There is something very satisfying about holding a book in your hands, turning its pages, and getting to know its characters. Recently, however, I tried my very first audiobook, and absolutely loved it. When enthralled by a book, I often find myself constantly on the edge of my seat, or staying up way past my bed time to find out how it ends. I become so invested in the story and its characters that I cannot put it down. This was the case with Big Little Lies by Liane Moriarty. But, since I did not have the physical book with me, I found myself driving a little slower, or taking an extra side street to get home, just to be able to get through one more chapter. Big Little Lies weaves together the lives of Madeline, Celeste and Jane, each with their own family, story, and secrets. Each play their part in a murder investigation, schoolyard drama, and complicated relationships. At the heart of it all? Their big little lies. I enjoyed this book so much, that I will be watching the TV adaptation by the same name – starting Reese Witherspoon, Nicole Kidman, and Shailene Woodley.
Fairytales generally end the same way: happily ever after. But I’ve never been able to help but feel that it’s a bit of a stretch to ask me to actually believe that they do just sort of float through life happily ever after, so I love seeing follow-ups to, and riffs off of, some of the more popular traditional fairytales!
In Wooden Bones, Scott William Carter explores concerns I’d say were noticeably absent in the original Pinocchio by Carlo Collodi – why being a real boy is necessarily better than being a wooden puppet, for example*, or developing a concept of identity that is not dependent upon being a boy of flesh and bone – while still adhering more or less to the fairytale structure. Pino, the boy formerly known as Pinocchio (because Pinocchio is too long and cumbersome for everyday use, according to Gepetto), discovers that apart from just being a magical boy, in the sense that he became a real boy only with the aid of magic, he truly is a magical boy, in that unlike regular real boys, he has magical powers.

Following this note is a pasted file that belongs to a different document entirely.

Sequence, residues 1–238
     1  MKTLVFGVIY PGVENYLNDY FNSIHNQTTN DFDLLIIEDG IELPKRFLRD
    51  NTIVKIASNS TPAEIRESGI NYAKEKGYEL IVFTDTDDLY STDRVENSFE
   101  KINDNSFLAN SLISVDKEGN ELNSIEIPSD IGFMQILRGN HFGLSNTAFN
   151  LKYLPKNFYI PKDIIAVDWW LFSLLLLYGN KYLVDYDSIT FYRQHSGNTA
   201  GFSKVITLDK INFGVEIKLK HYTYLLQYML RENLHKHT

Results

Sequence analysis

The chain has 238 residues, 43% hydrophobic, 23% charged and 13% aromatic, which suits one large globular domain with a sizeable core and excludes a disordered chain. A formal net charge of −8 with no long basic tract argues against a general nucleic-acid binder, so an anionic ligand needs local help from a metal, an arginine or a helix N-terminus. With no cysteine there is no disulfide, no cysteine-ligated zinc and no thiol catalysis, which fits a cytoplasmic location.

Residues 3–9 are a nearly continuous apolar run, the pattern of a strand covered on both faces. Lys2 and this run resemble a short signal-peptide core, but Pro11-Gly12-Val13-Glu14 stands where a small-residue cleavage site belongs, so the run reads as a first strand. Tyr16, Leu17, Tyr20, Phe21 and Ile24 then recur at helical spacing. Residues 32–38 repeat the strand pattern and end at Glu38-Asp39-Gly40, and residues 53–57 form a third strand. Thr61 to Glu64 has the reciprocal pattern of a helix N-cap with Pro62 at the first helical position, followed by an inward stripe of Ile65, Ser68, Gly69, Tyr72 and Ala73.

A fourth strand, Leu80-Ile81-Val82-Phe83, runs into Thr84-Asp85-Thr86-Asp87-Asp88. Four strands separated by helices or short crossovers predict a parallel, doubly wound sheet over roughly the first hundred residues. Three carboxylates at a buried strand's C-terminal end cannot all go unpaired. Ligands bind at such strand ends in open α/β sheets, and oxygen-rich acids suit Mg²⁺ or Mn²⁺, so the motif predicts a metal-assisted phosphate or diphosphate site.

Of course, these magical powers only bring him trouble (as well as helping him get out of trouble by digging himself a bigger hole), but the trouble is what prompts him to come to the realization that it doesn’t matter whether he’s a real boy or a wooden puppet boy: he’s Pinocchio, and perhaps more importantly, Gepetto won’t love him any less for being one or the other. Continue reading
Have you noticed a pattern anywhere in my posts?
Now that I’m looking right at the cover, I’m a little bit confused: the silhouette looks Tinkerbell-esque, and she is most certainly not from a Grimms fairy tale. That’s not important though. In fact, although there are plenty of fairytale references throughout, including (of course) Snow White, in large part in reference to the protagonist Lumikki, who is named after Snow White, the storyline itself isn’t very fairytale-like (apart from the fantastical elements – not fantasy, mind you).
Fast-paced, with a clear progression of events, As Red as Blood keeps you hooked from beginning to end and is a promising beginning to a trilogy. We do not yet own the next two books of the trilogy, As White as Snow and As Black as Ebony, but I’m looking forward to reading them!
(Spoiler alert under the cut!)